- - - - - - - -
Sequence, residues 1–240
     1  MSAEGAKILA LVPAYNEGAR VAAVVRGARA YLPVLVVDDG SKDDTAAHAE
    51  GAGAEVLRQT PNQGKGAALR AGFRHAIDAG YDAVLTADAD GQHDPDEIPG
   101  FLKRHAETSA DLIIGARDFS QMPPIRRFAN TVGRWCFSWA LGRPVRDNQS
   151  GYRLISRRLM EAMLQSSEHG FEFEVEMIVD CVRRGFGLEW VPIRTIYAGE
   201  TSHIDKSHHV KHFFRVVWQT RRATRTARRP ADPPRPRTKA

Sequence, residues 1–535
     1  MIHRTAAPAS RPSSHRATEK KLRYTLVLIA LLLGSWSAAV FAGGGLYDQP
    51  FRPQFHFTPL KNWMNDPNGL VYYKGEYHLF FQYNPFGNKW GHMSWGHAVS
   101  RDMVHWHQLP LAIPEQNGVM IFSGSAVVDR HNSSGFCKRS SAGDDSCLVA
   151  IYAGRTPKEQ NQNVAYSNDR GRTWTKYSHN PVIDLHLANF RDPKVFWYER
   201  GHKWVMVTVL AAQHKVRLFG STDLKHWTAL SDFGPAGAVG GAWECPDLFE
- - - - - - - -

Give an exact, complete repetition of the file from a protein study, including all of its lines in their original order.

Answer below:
Sequence, residues 1–240
     1  MSAEGAKILA LVPAYNEGAR VAAVVRGARA YLPVLVVDDG SKDDTAAHAE
    51  GAGAEVLRQT PNQGKGAALR AGFRHAIDAG YDAVLTADAD GQHDPDEIPG
   101  FLKRHAETSA DLIIGARDFS QMPPIRRFAN TVGRWCFSWA LGRPVRDNQS
   151  GYRLISRRLM EAMLQSSEHG FEFEVEMIVD CVRRGFGLEW VPIRTIYAGE
   201  TSHIDKSHHV KHFFRVVWQT RRATRTARRP ADPPRPRTKA

Sequence, residues 1–535
     1  MIHRTAAPAS RPSSHRATEK KLRYTLVLIA LLLGSWSAAV FAGGGLYDQP
    51  FRPQFHFTPL KNWMNDPNGL VYYKGEYHLF FQYNPFGNKW GHMSWGHAVS
   101  RDMVHWHQLP LAIPEQNGVM IFSGSAVVDR HNSSGFCKRS SAGDDSCLVA
   151  IYAGRTPKEQ NQNVAYSNDR GRTWTKYSHN PVIDLHLANF RDPKVFWYER
   201  GHKWVMVTVL AAQHKVRLFG STDLKHWTAL SDFGPAGAVG GAWECPDLFE